Rajeev Masand’s Review of Tu Hai Mera Sunday

Cast: Barun Sobti, Shahana Goswami, Vishal Malhotra, Avinash Tiwary, Nakul Bhalla, Jay Upadhyay

Director: Milind Dhaimade

Sunday is just one of those days of the week – it’s sunny, predictable, lazy and lovely, all at once. And so, it’s fitting that a film named after it encapsulates all those things. Tu Hai Mera Sunday is a slice-of-life romantic comedy, but it’s the bromance between five friends at the center of the story that stays with you. That, and their love-hate relationship with the city they call home: Mumbai.

Directed by Milind Dhaimade, the film deftly captures the frustrations of those living in this city through the protagonists, namely Arjun, Rashid, Mehernosh, Domnic and Jayesh. All five are escapists, seeking the dopamine of Sunday football to forget their dreary lives and crippling insecurities. Arjun (Barun Sobti), the do-gooder in this bunch, allows a befuddled old man to join their amateur football team, but this sets off a chain of events.

The players lose the beachside they play at, but the old man also leads Arjun to his daughter Kavya (Shahana Goswami). A busy advertising executive, Kavya gratefully allows Arjun to take ‘Appa’ along every Sunday for their game. The motley bunch searches far and wide in this choking city for a little space for their soccer, even as they are forced to step up to bigger responsibilities.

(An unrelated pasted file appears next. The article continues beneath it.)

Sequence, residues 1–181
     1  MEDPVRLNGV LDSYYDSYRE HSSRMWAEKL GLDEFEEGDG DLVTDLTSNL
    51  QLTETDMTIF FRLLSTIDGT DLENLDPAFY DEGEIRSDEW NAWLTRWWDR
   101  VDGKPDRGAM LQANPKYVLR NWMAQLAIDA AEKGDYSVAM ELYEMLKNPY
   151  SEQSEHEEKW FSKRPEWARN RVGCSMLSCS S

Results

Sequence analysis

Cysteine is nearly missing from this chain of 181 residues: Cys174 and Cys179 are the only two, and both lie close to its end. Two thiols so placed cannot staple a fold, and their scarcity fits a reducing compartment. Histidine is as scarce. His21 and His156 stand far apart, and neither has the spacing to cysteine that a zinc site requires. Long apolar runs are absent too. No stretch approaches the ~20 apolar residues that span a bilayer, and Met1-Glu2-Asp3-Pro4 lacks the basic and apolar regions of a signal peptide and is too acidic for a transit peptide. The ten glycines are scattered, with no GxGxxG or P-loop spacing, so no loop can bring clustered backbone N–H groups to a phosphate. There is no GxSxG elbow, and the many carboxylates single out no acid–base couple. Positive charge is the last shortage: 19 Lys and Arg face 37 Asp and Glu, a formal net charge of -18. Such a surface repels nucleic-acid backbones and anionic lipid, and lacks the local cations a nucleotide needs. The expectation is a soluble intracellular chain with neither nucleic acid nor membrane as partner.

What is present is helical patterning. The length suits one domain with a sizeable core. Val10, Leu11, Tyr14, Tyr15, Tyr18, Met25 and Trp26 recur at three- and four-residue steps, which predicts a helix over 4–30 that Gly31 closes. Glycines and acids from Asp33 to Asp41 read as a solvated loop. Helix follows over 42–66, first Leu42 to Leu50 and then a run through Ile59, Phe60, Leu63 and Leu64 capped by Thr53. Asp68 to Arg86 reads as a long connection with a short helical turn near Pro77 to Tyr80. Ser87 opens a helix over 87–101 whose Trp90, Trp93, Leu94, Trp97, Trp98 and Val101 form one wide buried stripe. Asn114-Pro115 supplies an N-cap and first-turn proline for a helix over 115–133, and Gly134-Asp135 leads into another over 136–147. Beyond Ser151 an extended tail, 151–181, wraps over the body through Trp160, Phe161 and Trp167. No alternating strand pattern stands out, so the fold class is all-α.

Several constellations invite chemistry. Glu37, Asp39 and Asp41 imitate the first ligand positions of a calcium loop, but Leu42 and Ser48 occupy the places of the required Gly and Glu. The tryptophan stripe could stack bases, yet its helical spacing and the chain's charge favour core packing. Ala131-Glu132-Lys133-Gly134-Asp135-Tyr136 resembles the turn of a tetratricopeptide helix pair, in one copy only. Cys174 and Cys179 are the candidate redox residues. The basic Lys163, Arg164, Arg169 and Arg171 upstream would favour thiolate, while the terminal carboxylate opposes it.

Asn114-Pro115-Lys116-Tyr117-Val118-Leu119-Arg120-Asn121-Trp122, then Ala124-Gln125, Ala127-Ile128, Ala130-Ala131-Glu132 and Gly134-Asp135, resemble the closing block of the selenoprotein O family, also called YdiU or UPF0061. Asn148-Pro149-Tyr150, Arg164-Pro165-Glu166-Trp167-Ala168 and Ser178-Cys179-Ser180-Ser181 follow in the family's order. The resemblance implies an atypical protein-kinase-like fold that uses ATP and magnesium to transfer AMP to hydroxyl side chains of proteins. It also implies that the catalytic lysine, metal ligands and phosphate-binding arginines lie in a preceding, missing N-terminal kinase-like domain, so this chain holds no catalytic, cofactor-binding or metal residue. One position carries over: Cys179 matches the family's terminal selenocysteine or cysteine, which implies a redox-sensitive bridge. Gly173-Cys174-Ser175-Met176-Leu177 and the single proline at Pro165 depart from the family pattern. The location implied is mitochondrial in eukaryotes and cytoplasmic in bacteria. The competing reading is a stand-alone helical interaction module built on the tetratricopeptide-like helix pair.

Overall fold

The film doesn’t throw up many surprises on the script level, but it benefits from a strong cast and a casual, lighthearted tone that never slips. There are several moments that stand out – like when Mehernosh (Nakul Bhalla) erupts in rage and chases his nasty boss through the office, or when Rashid (Avinash Tiwary) looks at the dead rat that tormented him with the fondness of an old friend. You’ll laugh out loud as Domnic (Vishal Malhotra), working part-time as a birthday clown, yells at an annoying boy, and more than a few times with Jayesh (played by a consistently funny Jay Upadhyay). The film demonstrates how urban pressure consumes the friends when they lose their stress-buster – football.

Occasionally the narrative sputters like an old car on account of stray, boring scenes, or when multiple songs eat into the narrative. Yet the performances are charming, and also the romantic moments between the men and their respective partners. Especially Sobti and Goswami who’re self-assured and bring a conversational feel to their lines. Rasika Dugal, meanwhile, delivers a terrific cameo as a captivating neighbor.

I’m going with three out of five for Tu Hai Mera Sunday. Easy and breezy, it’s worth your time on a Sunday, or just about any given day.

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